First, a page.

SPECIAL FEATURE Who's afraid of historical research?


Barbara Henderson threw herself into research for her Victorian boy-on-the-run tale Punch. She reveals the secrets of adding just enough history to make your story sing without being too packed with teach-y-preachy detail.

I have always liked historical fiction. Like all fiction, it appeals because it takes me to another world, away from my everyday. But historical fiction does this, whilst also giving me an insight into real life as it was, in whatever time or place. When it boils down to it, I’m reading fiction, but I’m learning, without being preached at or lectured. Not a deluge of historical facts, but a sprinkling. And that is really special, when you actually think about it!

Still, my first five manuscripts for children were fantasy, contemporary or dystopian. Why did I stay clear of history when I love reading it so much? I think the honest answer is that I was scared of getting it wrong. Those who know me best would be first to confirm that I am not what you would call a details person. I’m all about the big picture, the momentum, the broad and bold brush strokes. It wasn’t really that I was intimidated by historical research, I simply hadn’t considered having a go because I automatically assumed I was going to be terrible at it.

Stumbling across a story

But I hadn’t counted on stumbling across a story as compelling as what happened in Ceannabeinne in Sutherland – enough to get my imagination going, but not too detailed so that there was plenty of room for fiction to fill the gaps. Fir for Luck became almost an obsession. I loved the potential for story that these historical events offered, like a springboard for a gymnast: the history stays in place, but the story flies high, with fancy and flippy plot twists through the mind.

I was writing historical fiction. Me!

The thing that was most liberating was that I didn’t actually have to know EVERYTHING. In fact, children’s fiction is brilliant – kids basically only care about the things I care about, too: the characters, the stakes, the plot. All they need to imagine it all, is a sprinkling of historical detail, short descriptions here and short phases of archaic dialogue there.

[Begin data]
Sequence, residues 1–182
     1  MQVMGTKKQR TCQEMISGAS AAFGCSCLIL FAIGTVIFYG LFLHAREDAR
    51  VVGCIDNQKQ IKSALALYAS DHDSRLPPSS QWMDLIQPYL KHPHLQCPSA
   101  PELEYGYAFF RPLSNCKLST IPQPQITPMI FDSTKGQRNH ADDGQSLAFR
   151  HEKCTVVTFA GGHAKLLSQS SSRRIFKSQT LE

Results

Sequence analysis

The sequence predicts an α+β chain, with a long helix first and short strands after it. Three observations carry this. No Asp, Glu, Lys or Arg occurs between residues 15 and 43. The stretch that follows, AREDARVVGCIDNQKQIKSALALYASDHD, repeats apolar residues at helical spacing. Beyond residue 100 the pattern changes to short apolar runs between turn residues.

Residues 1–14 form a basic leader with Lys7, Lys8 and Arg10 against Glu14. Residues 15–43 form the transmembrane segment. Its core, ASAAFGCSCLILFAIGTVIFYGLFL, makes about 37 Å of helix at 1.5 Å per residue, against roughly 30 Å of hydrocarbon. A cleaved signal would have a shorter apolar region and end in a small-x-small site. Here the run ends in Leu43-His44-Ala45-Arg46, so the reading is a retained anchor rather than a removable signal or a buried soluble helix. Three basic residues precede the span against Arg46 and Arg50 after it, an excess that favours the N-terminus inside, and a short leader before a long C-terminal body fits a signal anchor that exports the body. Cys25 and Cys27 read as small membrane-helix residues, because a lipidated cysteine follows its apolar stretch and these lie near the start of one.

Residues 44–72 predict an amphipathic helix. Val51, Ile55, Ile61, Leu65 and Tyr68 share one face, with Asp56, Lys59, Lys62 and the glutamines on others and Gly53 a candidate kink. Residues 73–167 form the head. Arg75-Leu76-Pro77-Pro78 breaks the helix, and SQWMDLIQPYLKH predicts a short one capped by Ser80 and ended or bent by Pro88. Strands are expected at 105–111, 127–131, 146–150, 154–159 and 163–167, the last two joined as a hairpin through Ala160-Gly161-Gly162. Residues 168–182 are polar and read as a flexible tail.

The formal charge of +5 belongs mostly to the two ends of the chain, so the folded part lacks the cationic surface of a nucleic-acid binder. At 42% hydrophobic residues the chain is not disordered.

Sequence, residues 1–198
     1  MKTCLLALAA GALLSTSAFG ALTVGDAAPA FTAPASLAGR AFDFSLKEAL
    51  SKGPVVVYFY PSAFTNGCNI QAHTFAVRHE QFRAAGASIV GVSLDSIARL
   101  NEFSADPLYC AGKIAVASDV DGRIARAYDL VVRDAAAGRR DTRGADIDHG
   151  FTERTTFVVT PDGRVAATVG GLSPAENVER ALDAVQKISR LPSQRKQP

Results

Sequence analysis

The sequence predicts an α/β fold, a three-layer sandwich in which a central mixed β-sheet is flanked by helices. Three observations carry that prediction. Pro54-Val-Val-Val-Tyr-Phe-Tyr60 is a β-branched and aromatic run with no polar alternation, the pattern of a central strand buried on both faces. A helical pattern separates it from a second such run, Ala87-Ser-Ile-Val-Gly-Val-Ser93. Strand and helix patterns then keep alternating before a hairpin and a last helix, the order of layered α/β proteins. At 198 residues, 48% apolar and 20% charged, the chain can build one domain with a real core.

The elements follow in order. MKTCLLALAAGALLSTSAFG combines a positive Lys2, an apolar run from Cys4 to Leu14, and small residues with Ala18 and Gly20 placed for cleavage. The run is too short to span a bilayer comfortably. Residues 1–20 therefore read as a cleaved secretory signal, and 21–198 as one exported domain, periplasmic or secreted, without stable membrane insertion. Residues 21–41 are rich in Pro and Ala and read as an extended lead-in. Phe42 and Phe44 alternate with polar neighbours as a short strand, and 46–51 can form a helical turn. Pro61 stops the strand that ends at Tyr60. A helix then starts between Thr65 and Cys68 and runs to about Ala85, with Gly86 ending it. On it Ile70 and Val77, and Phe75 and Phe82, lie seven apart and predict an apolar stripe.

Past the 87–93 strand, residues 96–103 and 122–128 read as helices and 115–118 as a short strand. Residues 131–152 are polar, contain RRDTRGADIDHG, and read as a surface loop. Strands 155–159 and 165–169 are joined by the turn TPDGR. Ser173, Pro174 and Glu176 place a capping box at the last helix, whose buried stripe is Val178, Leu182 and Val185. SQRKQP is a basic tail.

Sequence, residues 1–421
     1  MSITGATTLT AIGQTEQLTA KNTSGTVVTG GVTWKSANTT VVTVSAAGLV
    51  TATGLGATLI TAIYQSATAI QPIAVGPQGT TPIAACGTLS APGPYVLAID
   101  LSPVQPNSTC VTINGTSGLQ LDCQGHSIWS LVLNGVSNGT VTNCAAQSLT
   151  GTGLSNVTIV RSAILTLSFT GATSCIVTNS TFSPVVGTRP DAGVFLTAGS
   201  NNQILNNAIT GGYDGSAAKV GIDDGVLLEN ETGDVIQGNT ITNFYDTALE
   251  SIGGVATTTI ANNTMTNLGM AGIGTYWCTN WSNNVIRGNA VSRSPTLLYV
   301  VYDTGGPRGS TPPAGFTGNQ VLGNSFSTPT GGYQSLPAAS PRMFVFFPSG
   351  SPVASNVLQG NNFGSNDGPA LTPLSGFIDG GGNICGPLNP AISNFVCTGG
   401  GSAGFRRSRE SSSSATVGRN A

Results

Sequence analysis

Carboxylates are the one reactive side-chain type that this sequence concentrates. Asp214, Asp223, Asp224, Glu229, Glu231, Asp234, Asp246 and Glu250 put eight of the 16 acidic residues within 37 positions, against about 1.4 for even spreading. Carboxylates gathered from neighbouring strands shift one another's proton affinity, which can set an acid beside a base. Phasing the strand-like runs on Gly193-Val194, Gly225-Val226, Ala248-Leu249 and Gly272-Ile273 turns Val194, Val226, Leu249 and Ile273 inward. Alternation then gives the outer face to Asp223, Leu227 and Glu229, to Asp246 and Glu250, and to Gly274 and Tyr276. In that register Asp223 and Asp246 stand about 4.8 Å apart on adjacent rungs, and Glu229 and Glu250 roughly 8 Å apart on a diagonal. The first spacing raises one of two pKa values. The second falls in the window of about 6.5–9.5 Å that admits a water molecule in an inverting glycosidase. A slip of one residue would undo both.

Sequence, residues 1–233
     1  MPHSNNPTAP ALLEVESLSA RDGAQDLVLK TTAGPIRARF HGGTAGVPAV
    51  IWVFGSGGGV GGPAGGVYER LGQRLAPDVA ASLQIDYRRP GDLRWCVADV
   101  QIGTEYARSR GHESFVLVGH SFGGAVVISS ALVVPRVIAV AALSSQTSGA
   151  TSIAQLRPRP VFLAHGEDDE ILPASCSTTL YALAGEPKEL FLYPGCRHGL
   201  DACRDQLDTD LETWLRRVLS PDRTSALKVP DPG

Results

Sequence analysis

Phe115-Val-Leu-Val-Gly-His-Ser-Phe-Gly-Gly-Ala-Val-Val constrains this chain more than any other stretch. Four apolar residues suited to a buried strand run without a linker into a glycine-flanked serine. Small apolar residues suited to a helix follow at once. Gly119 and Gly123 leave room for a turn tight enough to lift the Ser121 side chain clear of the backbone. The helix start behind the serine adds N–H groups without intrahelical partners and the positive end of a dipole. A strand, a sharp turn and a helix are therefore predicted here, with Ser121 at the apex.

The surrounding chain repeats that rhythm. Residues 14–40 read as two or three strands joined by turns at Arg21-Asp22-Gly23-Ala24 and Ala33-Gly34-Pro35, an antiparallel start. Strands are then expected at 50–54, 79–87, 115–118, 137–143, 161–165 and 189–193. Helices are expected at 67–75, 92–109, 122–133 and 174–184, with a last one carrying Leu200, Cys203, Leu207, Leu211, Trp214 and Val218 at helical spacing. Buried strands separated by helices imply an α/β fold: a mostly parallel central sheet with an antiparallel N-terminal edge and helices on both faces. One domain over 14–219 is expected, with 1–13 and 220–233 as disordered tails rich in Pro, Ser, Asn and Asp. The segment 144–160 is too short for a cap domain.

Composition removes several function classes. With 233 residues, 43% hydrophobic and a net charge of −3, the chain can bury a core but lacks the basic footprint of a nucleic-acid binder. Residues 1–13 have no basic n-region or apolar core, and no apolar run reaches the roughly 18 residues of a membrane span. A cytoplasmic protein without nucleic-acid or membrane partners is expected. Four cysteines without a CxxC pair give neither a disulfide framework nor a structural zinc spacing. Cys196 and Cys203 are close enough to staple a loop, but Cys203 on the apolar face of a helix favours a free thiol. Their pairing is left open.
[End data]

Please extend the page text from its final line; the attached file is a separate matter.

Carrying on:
Piecing it together

My process is probably a little unusual, but I don’t take reams and reams of notes, colour-code post its or arrange storyboards with elaborate historical detail. I read, so that I am sure of the historical events I am covering. For Punch, this was the historical fire in Inverness which destroyed the original Victorian market hall in June 1889. And yes, Queen Victoria spent time at Balmoral weeks after this event: they could be linked. Great, check. All I needed to know.

The detail which stuck with me from reading around it all: those are the bits and pieces that make it into the book. If it resonates enough to stick in my mind, then chances are that young readers, too, will find it interesting. The confectionery trader in the burning building, and the grocer’s dog – these really existed. They add to the story I had already imagined and lend it some authenticity, but it didn’t feel like a slavish process.

Occasionally, it works the other way round, as it did in Punch. I was ready to write a story about a boy on the run. A fan of all things puppetry, the Punch and Judy heyday seemed a great backdrop. I even thought of linking to Queen Victoria. I’m quite a visual type, so I began to surround myself with images of Victorian Scotland, Balmoral, travellers’ caravans etc. But something unexpected happened. Scanning through lots of pictures on a fantastic Highland history website, I saw it, and it simply blew me away: a dancing bear. In Inverness! For real!

Extract from FruhNeuzeit academic journal: Pawing through the History of Bear Dancing in Europe Von Pelin Tünaydın (Istanbul)

More about the dancing bear

The image of the bear didn’t leave me. I sprinkled it into the story and sent the first chunk to the publishers. We like it, they said. More about the dancing bear though. I read around the topic some more – from stories to academic papers, not because I had to but because I was fascinated. Bear-baiting was already illegal, but bear-leading (i.e. dancing bears) was not. Less than 20 years later it would be. My book fell into the period of changing attitudes. I was astonished: the RSPCA already existed, newly established and with none other than Queen Victoria the patron. This was a rich mine of story-gold! Not that I was going to write an issue-driven animal rights story, but the theme threads through subtly like a thin silver thread that occasionally catches the light in a tapestry.
Punch was off!
Cover illustration by Corinna Bahr

If I have learned anything from all of this, it’s not to be scared of research, or of getting it wrong. Its role is to flesh out the story, plain and simple. It should be fun. Never be tempted to include something just because you know it. That way lies the pit of teach-y, preachy history books of old.
But if something chimes with you: you remember it because it made you feel something, or experience something, not of our time; if something took you there in the research process, chances are that this is the type of historical detail that makes your story richer.
And go easy! A sprinkling is enough.




Barabara with Inverness Museum's Punch puppet (credit Ross Wiseman)
Barbara Henderson has lived in Scotland since 1991,  acquiring an MA in English Language and Literature, a husband, three children and a shaggy dog along the way. She now teaches drama, but if you dig deep in her past you will find she has earned her crust as a puppeteer, librarian and receptionist among others. Her Highland Clearances novel, Fir for Luck, was published in 2016. October sees the publication of her Victorian boy-on-the-run tale Punch. 

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